March 30, 2022 meeting
That rumbling sound….
Sheila Willis of History Check and Krista Malden of Community Now magazine presented to council on the Rumble Alberta event, inviting the M.D.’s participation as a sponsor.
Participants in Rumble Alberta tour the province, picking up points for visiting and taking selfies at designated points of interest and answering trivia questions, enjoy discounts from participating businesses and maybe winning prizes. Willis said it costs $25 per season to participate. As for how much a municipal sponsor might contribute, that depends on what it wants to achieve, she said.
So for example, said councillor Brad Pearson, say I take a selfie at Char’s (Railway Café, in Smith). What’s that do for me?
You earn points, said Willis. There’s a leaderboard. (All this online, of course)
What do I win, Pearson asked.
That depends what the organizers collect from communities (I.e. municipalities like Lesser Slave River) and (other) sponsors, Willis said.
So, said reeve Murray Kerik, summing up. We decide what our vision is, and budget to fit the vision and get back to you. Yes please, said Willis.
Willis provided statistics from the second Rumble Alberta, in 2021, based on views and downloads of Rumble Alberta route maps. For example, the route from Nisku to Slave Lake had 2,762 views and downloads. How many people might have actually got out on the road and participated that way….no statistics were presented.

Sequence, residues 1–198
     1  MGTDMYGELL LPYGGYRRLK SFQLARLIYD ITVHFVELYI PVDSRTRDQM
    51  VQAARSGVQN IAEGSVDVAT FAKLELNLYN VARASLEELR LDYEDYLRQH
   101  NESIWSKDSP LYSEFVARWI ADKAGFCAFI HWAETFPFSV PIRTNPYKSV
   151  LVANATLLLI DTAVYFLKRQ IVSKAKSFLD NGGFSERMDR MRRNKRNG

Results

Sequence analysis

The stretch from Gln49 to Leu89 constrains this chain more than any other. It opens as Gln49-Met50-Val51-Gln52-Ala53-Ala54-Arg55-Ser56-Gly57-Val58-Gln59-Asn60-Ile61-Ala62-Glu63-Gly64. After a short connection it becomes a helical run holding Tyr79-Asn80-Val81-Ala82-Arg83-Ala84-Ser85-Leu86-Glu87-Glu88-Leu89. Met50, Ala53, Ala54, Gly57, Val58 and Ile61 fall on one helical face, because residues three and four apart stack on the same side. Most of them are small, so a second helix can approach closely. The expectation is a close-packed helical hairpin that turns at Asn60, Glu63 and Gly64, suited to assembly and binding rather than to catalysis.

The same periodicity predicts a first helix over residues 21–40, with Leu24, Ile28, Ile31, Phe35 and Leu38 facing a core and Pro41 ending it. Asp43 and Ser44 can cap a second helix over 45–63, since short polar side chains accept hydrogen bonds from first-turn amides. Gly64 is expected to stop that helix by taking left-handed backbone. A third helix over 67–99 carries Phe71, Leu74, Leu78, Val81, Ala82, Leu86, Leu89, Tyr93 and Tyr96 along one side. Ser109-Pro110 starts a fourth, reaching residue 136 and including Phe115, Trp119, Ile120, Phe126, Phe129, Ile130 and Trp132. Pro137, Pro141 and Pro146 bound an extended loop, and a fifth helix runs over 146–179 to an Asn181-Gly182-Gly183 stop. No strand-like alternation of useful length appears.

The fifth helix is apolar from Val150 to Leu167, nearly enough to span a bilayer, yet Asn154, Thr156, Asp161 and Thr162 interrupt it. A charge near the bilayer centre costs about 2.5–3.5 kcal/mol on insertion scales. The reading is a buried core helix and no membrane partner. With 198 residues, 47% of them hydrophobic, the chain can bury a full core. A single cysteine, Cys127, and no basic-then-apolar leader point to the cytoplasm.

Planning and development fees
Council got a report on proposed new fees for items in the area of planning and development. No decisions were made, but councillors had plenty to say and plenty of questions.
The reason it came up is the fees were set several years ago and were considered due for review.
The report proposed increases in most fees. It also showed comparisons to several nearby rural municipalities. Lesser Slave River is “on the lower end” of the scale.
The discussion – not surprisingly – ranged pretty far away from the topic of fees. One example of that was when it came to light a development permit is needed for erecting a sign.
“I would never think I’d need a permit to put a sign up,” said councillor Sandra Melzer. “Somebody is enforcing this?”
There are a lot of contraventions, said Pearson.
Council accepted the report as information. The amended policy, reflecting council’s input, will come back for final approval at a later date.
Council went through a similar process on utility rates. Several changes were proposed, generally in an upward direction. It moves the M.D. a bit closer to cost recovery, but in most cases still nowhere close. An example is the $3.50 fee per cubic metre of potable water proposed. Councillor Darren Fulmore asked how much it costs the M.D. to produce a cube of water. The director didn’t know exactly, but estimated it was around $15.
An associated bylaw change will be that utility accounts won’t be allowed to be in a tenant’s name any more. They can only be in the name of the property owner; then unpaid utility bills can be added to property taxes.
Council accepted the report as information.
Sewer and water: update from the engineer
Jeff Fetter of Associated Engineering brought council up to date on a few looming issues in the field of sewage and water services. It began at Nine Mile Point, moved on to Smith and then back to the Southshore.
On the Nine Mile Point sewage system question, Fetter said Associated had looked at several ways it might be improved. All had their difficulties and drawbacks and his conclusion was that the feasibility of a gravity system warrants more investigation. This would include test installations of “reduced-depth pump stations, with freezing provisions.”